A Brief Word

| January/February 1999

As we assemble this column in early November, a touch of snow has descended upon us here in the midwest, namely, Iowa. We'll grant that you won't see this copy until early December, but if you haven't already, be sure to check those engines and tractors to be sure they are drained. Don't forget little things like the petcock on the bottom of the waterpump.

We're continuing to work on our Standard Catalog of American Tractors, and once again ran across our file on the Ford Tractor Company at Minneapolis. Rated as an 8-16, the Ford of 1915 sold for $350. By 1917 it was rated as a 10-20. Only a few were built, and they were never considered to be a roaring success.

The main problem with the Ford Tractor Company was that newspapers, and eventually the courts, found it to be not quite so reputable as it might have been.

Unfortunately, this situation occurred numerous times in the early days of the tractor industry. Due to the heavy demand for tractors, it was relatively easy to set up shop as a tractor manufacturer, and for those unscrupulous enough to do so, it was also easy to set up one of those pie-in-the-sky companies that offered its prospective stockholders fantastic returns on their money. In these situations, the brokers took most of the money, a little of it went toward the 'factory' and the investors saw no more of their money. By the time anyone got around to complain to the authorities, the money had vanished, as did the perpetrators.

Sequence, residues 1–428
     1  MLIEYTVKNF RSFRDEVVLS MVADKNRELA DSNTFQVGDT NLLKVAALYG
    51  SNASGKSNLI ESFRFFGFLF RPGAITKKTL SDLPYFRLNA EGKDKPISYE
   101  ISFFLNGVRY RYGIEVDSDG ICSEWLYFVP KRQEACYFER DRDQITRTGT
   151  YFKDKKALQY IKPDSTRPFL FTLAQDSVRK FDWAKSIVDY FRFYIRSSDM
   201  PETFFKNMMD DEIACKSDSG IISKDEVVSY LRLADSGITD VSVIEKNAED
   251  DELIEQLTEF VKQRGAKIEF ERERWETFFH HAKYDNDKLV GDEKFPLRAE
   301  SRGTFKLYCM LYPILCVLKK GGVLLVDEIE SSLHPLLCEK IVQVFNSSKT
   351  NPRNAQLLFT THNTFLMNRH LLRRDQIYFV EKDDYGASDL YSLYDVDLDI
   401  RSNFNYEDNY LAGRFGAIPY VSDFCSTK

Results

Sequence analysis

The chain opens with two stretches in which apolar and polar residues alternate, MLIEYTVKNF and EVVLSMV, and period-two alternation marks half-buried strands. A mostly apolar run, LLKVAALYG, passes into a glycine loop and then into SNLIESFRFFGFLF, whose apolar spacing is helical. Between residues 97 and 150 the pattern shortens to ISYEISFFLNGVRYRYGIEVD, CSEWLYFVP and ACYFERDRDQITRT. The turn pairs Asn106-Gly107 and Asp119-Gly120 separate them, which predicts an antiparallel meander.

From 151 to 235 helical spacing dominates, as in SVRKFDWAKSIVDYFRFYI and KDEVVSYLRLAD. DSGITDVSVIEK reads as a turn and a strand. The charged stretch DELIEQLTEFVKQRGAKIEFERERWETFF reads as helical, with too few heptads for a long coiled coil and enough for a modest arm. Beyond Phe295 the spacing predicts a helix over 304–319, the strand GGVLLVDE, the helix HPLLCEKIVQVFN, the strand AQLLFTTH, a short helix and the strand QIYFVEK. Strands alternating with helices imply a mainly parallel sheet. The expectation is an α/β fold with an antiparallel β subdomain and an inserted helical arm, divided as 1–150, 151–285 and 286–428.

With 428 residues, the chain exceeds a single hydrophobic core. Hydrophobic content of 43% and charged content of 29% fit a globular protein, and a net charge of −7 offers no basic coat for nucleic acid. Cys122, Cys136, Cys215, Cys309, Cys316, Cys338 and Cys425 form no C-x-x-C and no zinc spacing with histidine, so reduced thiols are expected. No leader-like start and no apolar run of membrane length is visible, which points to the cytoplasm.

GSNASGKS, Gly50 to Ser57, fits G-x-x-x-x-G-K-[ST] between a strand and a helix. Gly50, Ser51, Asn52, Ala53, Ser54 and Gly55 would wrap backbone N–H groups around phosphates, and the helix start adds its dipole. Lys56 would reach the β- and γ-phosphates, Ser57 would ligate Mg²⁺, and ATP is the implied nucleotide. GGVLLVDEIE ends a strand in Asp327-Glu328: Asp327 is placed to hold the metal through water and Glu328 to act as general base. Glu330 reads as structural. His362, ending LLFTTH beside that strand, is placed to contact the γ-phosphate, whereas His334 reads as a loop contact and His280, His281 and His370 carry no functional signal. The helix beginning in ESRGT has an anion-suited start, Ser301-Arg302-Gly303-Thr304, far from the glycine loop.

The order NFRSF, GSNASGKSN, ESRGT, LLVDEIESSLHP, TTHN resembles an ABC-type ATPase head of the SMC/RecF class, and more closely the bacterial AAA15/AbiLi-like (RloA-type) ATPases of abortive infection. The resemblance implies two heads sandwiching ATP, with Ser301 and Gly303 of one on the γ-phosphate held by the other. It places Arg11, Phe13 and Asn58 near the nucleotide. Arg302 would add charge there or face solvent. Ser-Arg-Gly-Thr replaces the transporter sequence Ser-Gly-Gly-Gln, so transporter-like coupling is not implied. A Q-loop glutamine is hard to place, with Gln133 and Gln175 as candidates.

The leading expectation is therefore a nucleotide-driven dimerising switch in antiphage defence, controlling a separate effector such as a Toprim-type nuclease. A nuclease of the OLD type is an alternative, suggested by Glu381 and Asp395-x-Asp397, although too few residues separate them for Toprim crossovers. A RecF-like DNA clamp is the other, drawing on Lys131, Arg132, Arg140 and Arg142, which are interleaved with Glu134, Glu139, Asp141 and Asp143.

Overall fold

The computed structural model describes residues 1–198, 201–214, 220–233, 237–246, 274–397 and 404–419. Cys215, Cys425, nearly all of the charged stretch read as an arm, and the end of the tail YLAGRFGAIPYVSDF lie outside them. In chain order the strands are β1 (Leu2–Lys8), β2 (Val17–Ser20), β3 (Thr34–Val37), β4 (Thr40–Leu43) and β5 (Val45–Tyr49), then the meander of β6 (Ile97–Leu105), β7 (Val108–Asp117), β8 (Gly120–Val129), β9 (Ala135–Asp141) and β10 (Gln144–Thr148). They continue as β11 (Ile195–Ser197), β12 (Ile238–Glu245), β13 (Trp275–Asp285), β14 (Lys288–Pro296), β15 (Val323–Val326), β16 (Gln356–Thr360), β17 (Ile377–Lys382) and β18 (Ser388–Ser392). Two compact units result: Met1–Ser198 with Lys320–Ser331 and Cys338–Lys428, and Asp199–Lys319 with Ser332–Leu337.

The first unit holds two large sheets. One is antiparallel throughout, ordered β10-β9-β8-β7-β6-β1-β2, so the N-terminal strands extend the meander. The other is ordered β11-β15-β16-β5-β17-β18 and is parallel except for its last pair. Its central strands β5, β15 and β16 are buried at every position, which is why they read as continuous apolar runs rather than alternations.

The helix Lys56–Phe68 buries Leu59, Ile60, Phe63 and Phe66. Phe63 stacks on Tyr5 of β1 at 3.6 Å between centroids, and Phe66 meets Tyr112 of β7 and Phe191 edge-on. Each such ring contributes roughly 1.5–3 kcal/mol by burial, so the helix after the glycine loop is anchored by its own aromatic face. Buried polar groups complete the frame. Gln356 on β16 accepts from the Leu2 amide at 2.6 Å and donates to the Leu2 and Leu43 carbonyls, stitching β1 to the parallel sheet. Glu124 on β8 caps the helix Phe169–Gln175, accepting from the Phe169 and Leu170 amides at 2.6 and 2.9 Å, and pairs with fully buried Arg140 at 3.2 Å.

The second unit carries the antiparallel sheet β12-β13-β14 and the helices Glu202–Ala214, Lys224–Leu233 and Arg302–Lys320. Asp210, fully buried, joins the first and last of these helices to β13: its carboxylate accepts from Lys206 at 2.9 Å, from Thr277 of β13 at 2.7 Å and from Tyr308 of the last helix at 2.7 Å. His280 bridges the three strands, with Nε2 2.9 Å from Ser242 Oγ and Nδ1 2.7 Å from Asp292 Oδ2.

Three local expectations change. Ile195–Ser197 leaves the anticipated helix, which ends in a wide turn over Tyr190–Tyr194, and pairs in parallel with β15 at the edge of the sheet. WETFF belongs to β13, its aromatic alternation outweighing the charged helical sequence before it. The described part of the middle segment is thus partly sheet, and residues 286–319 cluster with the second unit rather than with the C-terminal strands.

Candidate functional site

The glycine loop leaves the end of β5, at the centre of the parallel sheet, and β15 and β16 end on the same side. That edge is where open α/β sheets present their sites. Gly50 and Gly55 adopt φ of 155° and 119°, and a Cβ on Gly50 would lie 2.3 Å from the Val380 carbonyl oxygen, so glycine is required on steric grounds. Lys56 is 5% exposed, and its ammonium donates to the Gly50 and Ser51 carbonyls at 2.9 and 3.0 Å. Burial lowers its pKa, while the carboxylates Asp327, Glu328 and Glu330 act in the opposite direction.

Plans are moving forward on a tour to England for next summer. Right now, it looks like we'll leave somewhere around June 20 for about 15 days. We'll plan on attending the Tatton Park 1000 Engine Rally, and hope to also attend the Banbury Rally. In addition, we'll visit various collections, museums, and other sites. By the time this copy is in your hands in early December, we should have our itinerary well under way. We will only be taking one coach on this and future tours, and that limits us to a maximum of 46 people. How ever, this has its advantages--one of them being that it is a lot easier for ye olde Reflector as the tour host. We'll keep you informed as things come together.

34/1/1 Chain Belt Company Q. I have a small 1? inch centrifugal pump with a one-cylinder air-cooled engine directly attached. The pump has a 'Chain Belt Company, Milwaukee, Wisconsin nametag, 3000 gph, and s/n B4027. The pump casting has 'Speed Prime Pump' and 'Rex cast beneath it. Can anyone provide further information on this unit, such as its age, probable use, and the like? Any information would be appreciated. Paul C. Van Sickle, 3672 Porterville Hill Rd., East Aurora, NY 14052. Email. FLOBBLE@GATEWAY.NET


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